Mayor Steve Bach isn't inclined to support an outside examination of the city's handling of the Waldo Canyon Fire, he said today at his regular news conference.
The statement came in response to a media question about his reaction to the Independent's report this week, called "Misfire: How city leadership left residents — and their heroes — exposed during the Waldo Canyon tragedy."
Said Bach: "We are continuing to do an after action review of the Waldo Canyon Fire, as we've said before, and that will be going on for some months. I have absolute confidence in the process thus far."
He then continued: "You know, it's always easy for people to take shots, particularly people anonymously. If there's real concern out there on the part of some people that were involved in that fire, they ought to really come forward. ... I'm very comfortable with the process in place."
Bach's reference to anonymous complaints is strange, considering the Indy's report quoted so heavily from firefighters' own duty reports, which have their names atop them.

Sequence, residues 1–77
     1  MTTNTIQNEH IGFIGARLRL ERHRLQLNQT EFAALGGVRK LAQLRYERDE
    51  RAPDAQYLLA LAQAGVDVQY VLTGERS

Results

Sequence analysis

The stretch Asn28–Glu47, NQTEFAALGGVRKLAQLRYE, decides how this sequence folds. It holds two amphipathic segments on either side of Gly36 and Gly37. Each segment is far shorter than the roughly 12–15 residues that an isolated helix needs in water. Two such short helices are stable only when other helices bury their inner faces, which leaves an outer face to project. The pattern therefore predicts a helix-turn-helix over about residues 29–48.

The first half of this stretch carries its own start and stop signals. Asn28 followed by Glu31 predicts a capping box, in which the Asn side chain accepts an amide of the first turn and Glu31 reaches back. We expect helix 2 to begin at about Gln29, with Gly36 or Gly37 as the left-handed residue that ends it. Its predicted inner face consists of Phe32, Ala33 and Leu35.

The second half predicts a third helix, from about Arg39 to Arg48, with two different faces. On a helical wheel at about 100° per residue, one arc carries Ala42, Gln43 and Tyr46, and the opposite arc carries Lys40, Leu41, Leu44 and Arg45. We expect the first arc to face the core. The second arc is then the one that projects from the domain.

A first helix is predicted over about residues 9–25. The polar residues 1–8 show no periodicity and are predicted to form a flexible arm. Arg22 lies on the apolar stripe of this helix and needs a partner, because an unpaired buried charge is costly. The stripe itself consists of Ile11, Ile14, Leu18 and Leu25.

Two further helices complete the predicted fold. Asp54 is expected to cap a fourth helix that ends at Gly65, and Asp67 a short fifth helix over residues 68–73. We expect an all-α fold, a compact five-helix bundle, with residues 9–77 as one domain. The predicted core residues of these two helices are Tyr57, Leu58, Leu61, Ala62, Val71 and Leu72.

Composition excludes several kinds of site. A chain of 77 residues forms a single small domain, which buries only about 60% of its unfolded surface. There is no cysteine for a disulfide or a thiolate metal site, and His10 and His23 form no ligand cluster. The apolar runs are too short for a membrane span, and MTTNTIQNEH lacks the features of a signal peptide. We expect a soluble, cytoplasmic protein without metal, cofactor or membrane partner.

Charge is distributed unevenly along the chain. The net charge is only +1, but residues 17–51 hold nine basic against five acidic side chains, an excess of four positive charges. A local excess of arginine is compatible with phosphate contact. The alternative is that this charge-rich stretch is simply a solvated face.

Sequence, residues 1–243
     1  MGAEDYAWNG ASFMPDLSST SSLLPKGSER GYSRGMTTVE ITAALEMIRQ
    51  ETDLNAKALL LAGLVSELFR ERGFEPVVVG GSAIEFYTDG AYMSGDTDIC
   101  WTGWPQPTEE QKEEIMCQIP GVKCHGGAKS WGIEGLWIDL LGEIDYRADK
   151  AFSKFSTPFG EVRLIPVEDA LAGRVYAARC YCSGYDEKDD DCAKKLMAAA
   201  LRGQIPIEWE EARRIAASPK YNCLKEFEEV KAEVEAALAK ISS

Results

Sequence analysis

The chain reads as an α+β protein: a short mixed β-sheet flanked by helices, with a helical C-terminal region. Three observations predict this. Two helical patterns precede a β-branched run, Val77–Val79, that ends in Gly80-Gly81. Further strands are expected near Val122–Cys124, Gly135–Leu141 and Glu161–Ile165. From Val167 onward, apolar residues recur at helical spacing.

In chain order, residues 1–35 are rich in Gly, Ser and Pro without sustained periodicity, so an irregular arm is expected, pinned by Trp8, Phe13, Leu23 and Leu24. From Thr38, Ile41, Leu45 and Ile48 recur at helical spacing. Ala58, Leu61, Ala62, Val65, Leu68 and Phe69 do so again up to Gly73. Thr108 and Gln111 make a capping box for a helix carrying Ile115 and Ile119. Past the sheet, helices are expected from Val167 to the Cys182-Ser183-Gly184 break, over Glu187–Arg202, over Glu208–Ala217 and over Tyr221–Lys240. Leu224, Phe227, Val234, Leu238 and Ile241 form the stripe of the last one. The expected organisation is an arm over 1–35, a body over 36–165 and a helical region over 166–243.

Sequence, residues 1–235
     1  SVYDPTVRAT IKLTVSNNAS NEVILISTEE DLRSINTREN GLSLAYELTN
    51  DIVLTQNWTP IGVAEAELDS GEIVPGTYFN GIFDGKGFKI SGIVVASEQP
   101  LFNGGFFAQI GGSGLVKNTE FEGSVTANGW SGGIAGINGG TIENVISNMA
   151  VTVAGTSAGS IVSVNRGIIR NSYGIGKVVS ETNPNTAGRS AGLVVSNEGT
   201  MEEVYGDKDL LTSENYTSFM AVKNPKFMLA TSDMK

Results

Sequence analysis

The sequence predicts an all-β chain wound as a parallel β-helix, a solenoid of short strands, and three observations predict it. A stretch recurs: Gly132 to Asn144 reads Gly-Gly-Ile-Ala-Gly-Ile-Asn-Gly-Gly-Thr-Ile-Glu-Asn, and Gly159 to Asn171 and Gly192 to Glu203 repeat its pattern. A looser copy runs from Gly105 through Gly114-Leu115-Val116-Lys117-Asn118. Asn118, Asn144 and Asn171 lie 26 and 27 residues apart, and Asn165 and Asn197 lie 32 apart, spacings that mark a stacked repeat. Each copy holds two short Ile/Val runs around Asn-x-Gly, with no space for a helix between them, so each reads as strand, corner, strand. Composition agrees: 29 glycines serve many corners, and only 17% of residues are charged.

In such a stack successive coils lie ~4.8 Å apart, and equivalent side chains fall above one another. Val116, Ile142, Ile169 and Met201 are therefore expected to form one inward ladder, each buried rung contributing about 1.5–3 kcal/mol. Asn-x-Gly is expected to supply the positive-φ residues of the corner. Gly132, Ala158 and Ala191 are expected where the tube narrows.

In fact, our main story referenced anonymous sources only three times. One reference was in regard to firefighters apparently having to sleep on the asphalt at Station 9 for two days. Another had to do with police officers not being told to pull back (as firefighters were told) from Mountain Shadows when the thundercloud collapsed and pushed fire into the neighborhood.
The third reference carries some irony: "The International Association of Firefighters Local 5 has presented Brown with a list of 15 'concerns,' most of which deal with the Waldo fire, sources close to Local 5 say." The Indy tried to get a copy of that list, so we wouldn't have to rely on just those sources; however, the city refused to let it come to light.
In fact, we asked the city about the other two anonymously sourced items, too, in a list of questions submitted Dec. 4. The city chose not to answer, instead issuing a generic statement.
Today, however, we did get to ask Bach one question in person that he'd ignored via email: "We're told you've acknowledged you were the one who decided to allow residents to re-enter Mountain Shadows and Cedar Heights on Tuesday morning, June 26. Why? What was the basis of your decision?"
His response: "We've issued a preliminary After Action Report. As I've already said in terms of the formal report, all that timeline is in there. I took advice from our police chief and fire chief and our manager of emergency services, who were in consultation with the fed incident commander and Forest Service, and so the decisions we made were made in group consultation to the best of our ability."
Still saying it. The article was a biased article that did not shed any light…
I'm sorry, Scott, you were saying...?
For protecting parks - and utilities, it might be prudent to closely examine those candidates…